As President Trump journeys to Asia in search of a solution to the North Korean nuclear dilemma, he might benefit from this historical insight: Americans have been trying to unravel the relationship between China and Korea for more than 100 years–and they have consistently failed to get it right.
One of my prized possessions is a 1910 book entitled “China and The Far-East,” edited by George H. Blakeslee of Clark University in Worchester, Ma. It is a collection of essays by presumed experts on China. (I say “presumed” because these writers were mostly lost in a complete fog about Asia.) One essay was by Chester Holcombe, formerly acting minister to China, and author of “The Real Chinaman” and “The Real Chinese Question.”
The Ching dynasty was still in place in 1910 although it had been considerably weakened by both internal forces and by force of arms from outsiders, who had established what they regarded as permanent diplomatic relations with Peking. Holcombe writes that when the Western powers “turned their attention to nearby states, there arose a universal misunderstanding in regard to the loose-jointed and essentially Oriental connection which has just been described (between the Chinese and Koreans.) Having no accurate idea of its nature, and ignorant, or forgetful, of the fact that all forms of feudalism had been abolished in China two centuries before the birth of Christ, they decided it to be the relationship of suzerain and vassal, of which, in fact, it lacked every essential quality.”
He continues: “Korea–the Hermit Kingdom, as it was called–was shut against all foreigners except neighboring Asiatics. The United States was anxious to put an end to the horrible cruelties practiced upon American seamen when ship-wrecked and cast ashore in Korea, and, to that end, sought to make a treaty with the king. Efforts directly made having failed, the fancied authority of China over Korea was appealed to. The Chinese Government disclaimed all right to interfere.”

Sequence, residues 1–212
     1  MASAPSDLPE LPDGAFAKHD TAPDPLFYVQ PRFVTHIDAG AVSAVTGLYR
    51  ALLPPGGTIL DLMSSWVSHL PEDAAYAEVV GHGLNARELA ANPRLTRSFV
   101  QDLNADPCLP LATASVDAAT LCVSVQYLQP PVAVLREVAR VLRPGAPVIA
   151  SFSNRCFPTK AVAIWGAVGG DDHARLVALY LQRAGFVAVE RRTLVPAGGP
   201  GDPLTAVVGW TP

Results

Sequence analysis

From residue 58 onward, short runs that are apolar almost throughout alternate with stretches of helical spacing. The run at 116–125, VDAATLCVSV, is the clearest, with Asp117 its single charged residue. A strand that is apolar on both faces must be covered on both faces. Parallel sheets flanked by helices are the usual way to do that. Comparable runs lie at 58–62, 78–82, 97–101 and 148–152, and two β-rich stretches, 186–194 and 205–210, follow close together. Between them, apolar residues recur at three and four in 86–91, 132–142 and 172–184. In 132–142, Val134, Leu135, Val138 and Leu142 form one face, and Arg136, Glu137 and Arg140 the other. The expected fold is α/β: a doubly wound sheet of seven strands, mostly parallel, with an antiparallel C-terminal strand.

After military hostilities between the Western powers and the Koreans, “a formal demand was made upon the Chinese Government that it force Korea to conclude a treaty with the United States, or itself assume responsibility for the proper treatment of American seamen. But China declined to do either, in turn formally asserting that the Emperor possessed ‘No right or authority to interfere in either the internal affairs or foreign relations of the Korean Kingdom.'”
Here’s the punchline: “There is no word in any European tongue which will exactly describe the position which China claimed to hold vis a vis the smaller states named, because the idea is wholly foreign to our conceptions of international relationships.”
In other words, no outsider could figure out how to pressure the failing Ching dynasty to muscle the Koreans. Today, it will be far more difficult because China has emerged as a world power possessing the globe’s second largest economy. I don’t possess a crystal ball anymore than the sages of old, but my guess is that the United States and China have fundamentally different interests at stake regarding North Korea. We want Kim Jong Un defanged and possibly destroyed; the Chinese do not want a unified Korea on their doorstep that possesses nuclear weapons and is allied with the United States. Trump could essentially be chasing the fantasy of genuine cooperation when he lands in Beijing.